Arguably the most difficult operation in urologic surgery is removing the bladder in women for bladder cancer. Our team was the first in the tri-state (NJ, lower NY, CT) area to perform this procedure with the da Vinci robot.
We performed our first robotic anterior exenteration (removing the bladder, urethra, and gynecological organs) in November for muscle invasive bladder cancer. There was very little blood loss (less than 100 ccs or 3 1/2 ozs)and a small incision to perform the urinary diversion and to remove the bladder and other organs in a sac.
We then performed what we believe to be the first robotic procedure for urethral cancer, an operation that is similar to that for bladder cancer, but requires special attention to the urethral area as the margin for cancer control is more difficult to establish. Our second patient also had minimal blood loss.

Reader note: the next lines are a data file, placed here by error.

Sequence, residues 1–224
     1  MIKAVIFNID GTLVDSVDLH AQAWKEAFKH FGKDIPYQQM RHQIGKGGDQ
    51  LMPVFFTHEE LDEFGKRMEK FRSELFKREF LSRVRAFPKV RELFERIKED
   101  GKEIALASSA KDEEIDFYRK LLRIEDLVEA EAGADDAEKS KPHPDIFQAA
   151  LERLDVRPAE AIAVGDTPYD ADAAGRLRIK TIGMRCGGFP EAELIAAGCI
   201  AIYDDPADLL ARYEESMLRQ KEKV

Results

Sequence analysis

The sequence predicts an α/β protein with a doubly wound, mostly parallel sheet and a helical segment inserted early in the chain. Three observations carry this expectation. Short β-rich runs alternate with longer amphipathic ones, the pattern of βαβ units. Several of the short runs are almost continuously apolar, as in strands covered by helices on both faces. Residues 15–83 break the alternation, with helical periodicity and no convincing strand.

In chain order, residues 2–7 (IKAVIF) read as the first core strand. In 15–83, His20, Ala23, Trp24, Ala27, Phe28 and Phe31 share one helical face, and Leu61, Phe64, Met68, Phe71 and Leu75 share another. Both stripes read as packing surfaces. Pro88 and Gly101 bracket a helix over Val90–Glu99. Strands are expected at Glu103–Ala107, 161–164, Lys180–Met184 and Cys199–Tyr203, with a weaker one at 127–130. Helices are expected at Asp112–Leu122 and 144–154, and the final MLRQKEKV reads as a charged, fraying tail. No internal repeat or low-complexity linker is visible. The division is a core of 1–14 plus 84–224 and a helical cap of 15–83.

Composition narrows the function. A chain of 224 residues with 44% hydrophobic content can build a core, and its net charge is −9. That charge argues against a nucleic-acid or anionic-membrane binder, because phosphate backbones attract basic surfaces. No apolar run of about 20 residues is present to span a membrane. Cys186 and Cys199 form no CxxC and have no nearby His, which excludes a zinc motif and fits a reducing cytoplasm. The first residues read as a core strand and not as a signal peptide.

A review of the literature reveals very few cases like this being done robotically or laparoscopically. The largest laparoscopic series is from the Cleveland Clinic.
The largest series for robotic cystectomies is from Henry Ford in Detroit and Dr. Menon.
Our 2 patients were discharged home in 8 days and 5 days without any complications.
In our hands, we believe most bladder and urethral cancers will be approached robotically and plan on publishing our results.
We think the blood loss is significantly less similar to our experience with robotic prostatectomy and the recovery should be quicker.